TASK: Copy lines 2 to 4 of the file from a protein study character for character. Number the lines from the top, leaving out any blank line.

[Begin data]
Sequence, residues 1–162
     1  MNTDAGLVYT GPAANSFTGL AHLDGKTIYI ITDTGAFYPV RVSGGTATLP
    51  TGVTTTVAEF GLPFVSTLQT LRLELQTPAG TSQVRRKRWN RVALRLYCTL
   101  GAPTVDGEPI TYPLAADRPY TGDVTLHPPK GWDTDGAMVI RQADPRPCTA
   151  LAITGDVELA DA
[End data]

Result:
     1  MNTDAGLVYT GPAANSFTGL AHLDGKTIYI ITDTGAFYPV RVSGGTATLP
    51  TGVTTTVAEF GLPFVSTLQT LRLELQTPAG TSQVRRKRWN RVALRLYCTL
   101  GAPTVDGEPI TYPLAADRPY TGDVTLHPPK GWDTDGAMVI RQADPRPCTA